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OP0147 Impact of Disease Modifying Anti Rheumatic Drugs on Autonomic Neuropathy in Rheumatoid Arthritis and Ankyliosing Spondylitis Patients
  1. A. Syngle1,
  2. I. Verma2,
  3. N. Garg2
  1. 1Healing Touch City Clinic, chandigarh
  2. 2Department of Pharmaceutical Sciences & Drug Reserach, Punjabi University Patiala, India, Patiala, India


Background Autonomic dysfunction has been studied in rheumatic disorders as a significant risk predictor related to sudden cardiac death. There is need to study the effect of different disease modifying anti-rheumatic diseases (DMARDs) (synthetic & biologics) which are routinely employed in the treatment of RA and AS, since there is no published literature in this regard.

Objectives We examined the clinical efficacy of DMARDs on autonomic neuropathy in patients with RA and AS.

Methods We evaluated total 35 patients in which 23 of RA aged between 26-67 years, disease duration 0.6-28 years (16 DMARDs naive and 7 biologics naive) and 12 patients with AS aged between 20-50 years, disease duration 2-18 years (7 DMARDs naive and 5 biologics naïve). 20 aged matched healthy subjects aged between 27-57 years were also enrolled from clinic staff as a control population. Autonomic function was assessed by applying a battery of non invasive cardiovascular reflex tests according to Ewing1 and peripheral sympathetic autonomic function was assessed by Sudoscan2 (Sudoscan-Impeto Medical Device, EZS 01750010193 Paris France). Five cardiovascular reflex tests used in the assessment of cardiovascular autonomic neuropathy (CAN). They are the heart rate (HR) responses to the deep breathing, standing up and Valsalva manoeuvre and the blood pressure (BP) responses to standing up and sustained handgrip. Autonomic dysfunction is considered when two or more of the heart rate tests are abnormal3.

Results Patients with RA and AS had abnormal autonomic function compared with healthy controls. After 12 weeks treatment of RA and AS with combination synthetic DMARDs, HR response to standing in RA patients significantly improved. After treatment of RA and AS with different biologic DMARDs (3 infusions of TNFi/tocilizumab, 2 infusions of rituximab) there was significant improvement in HR responses to the deep breathing (p<0.05), standing up (p<0.05) and Valsalva manoeuvre in RA (p=0.03), sustained handgrip in AS (p=0.02)and sudomotor function (p<0.05) in RA and AS. After 12 weeks treatment of RA and AS with synthetic DMARDs 22.2% (2/9) RA patients improved cardiovascular autonomic neuropathy while there was no improvement in CAN in AS. After treatment with biologic DMARDs, 85% (6/7) RA patients and 100% (2/2) AS patients had significantly improved cardiovascular autonomic neuropathy. 66.6% (2/3) of the biologics naïve RA patients and 100% (2/2) AS patients who had sudomotor dysfunction improved significantly with biologics treatment but there was no significant improvement in sudomotor function in RA and AS patients treated with synthetic DMARDs. RA and AS patients with normal autonomic function had no change in their autonomic function after treatment with synthetic or biologic DMARDs.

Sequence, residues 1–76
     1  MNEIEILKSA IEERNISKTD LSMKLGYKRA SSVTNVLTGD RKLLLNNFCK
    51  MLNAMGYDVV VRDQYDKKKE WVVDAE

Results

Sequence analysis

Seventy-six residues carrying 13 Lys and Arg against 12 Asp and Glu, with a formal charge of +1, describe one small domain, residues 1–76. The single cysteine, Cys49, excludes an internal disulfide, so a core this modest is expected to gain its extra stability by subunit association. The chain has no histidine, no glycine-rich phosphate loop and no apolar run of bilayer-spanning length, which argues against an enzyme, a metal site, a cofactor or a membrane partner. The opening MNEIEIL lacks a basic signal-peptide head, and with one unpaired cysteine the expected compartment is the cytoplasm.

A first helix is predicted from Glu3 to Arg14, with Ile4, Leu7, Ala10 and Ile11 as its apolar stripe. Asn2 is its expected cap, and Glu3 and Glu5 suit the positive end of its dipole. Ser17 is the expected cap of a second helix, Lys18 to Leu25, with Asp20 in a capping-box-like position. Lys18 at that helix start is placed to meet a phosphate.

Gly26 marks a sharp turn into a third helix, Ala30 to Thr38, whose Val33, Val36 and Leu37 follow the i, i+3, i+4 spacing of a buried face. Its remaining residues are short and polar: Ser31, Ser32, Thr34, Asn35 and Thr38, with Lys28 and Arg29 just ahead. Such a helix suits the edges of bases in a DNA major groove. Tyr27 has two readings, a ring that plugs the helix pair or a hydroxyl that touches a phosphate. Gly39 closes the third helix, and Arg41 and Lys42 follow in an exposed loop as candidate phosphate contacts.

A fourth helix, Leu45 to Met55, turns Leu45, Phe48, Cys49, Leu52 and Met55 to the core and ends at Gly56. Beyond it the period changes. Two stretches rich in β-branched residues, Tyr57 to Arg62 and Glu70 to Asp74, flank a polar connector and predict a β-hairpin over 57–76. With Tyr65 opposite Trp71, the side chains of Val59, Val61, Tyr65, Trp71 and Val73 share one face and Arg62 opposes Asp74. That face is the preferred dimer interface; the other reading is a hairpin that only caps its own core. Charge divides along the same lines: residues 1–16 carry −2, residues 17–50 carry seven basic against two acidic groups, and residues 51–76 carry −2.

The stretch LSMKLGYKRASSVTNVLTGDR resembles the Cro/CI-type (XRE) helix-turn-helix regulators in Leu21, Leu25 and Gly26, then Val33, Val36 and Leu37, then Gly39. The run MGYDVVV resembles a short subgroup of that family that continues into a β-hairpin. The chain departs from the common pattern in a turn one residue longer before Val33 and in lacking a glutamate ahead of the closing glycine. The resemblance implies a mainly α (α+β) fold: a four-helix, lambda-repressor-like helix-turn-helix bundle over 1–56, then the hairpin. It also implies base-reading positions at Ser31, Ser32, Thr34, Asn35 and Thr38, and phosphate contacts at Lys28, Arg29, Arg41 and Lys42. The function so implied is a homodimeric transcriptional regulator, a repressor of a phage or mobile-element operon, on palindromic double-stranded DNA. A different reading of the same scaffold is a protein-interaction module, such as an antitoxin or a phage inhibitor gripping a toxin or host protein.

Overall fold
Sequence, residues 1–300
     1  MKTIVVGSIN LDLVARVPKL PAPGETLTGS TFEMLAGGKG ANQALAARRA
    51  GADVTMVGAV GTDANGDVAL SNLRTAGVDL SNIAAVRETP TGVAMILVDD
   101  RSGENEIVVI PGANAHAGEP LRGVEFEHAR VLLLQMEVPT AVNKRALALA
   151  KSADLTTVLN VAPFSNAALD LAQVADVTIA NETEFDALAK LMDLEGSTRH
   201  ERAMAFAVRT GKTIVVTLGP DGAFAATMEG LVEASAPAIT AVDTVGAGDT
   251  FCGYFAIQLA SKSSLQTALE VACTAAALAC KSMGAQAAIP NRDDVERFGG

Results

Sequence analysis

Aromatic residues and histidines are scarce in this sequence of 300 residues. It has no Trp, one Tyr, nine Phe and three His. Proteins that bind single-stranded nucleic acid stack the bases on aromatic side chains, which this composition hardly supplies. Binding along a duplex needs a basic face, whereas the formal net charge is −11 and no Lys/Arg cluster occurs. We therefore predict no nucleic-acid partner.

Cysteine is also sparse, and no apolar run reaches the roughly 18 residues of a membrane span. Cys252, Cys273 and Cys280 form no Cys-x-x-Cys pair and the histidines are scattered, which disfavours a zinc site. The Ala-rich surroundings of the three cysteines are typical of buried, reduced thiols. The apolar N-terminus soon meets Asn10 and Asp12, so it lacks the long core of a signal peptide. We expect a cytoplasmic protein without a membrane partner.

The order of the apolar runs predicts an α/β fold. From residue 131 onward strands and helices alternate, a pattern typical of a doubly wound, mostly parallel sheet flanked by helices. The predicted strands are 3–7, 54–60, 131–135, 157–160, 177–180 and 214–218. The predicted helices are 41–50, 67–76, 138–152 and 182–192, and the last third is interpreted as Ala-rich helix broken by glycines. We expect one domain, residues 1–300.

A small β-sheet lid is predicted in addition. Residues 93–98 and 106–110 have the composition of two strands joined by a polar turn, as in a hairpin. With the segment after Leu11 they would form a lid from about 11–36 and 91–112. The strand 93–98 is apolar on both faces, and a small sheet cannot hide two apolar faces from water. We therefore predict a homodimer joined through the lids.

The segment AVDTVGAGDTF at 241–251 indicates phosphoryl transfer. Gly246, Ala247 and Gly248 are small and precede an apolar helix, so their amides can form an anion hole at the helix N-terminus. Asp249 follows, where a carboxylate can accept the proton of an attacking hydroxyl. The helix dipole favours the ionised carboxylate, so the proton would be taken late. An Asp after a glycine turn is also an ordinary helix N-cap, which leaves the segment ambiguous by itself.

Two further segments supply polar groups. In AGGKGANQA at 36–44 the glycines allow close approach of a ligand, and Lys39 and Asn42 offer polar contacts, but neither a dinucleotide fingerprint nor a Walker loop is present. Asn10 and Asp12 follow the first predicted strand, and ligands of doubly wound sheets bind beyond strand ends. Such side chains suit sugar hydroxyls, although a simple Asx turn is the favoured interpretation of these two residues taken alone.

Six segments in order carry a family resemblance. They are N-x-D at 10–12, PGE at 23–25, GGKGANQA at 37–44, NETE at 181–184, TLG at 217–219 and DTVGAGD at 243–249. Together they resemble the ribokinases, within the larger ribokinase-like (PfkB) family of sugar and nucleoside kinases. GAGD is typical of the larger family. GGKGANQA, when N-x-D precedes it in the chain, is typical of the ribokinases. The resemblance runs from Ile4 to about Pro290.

Conclusions Synthetic DMARDs significantly improved HR response to standing in RA and sudomotor function in both RA and AS patients. Surprisingly, biologics DMARDs have potential to significantly improve both cardiovascular autonomic neuropathy and sudomotor function in RA and AS patients.


  1. Ewing DJ et al. Clin Endocrinol Metab. 1986; 15:855-888.

  2. Mayaudon H et al. Diabetes Metab. 2010; 36:450–454.

  3. Aydemir M et al. Lupus. 2010; 19:255–61.

Acknowledgements None

Disclosure of Interest None Declared

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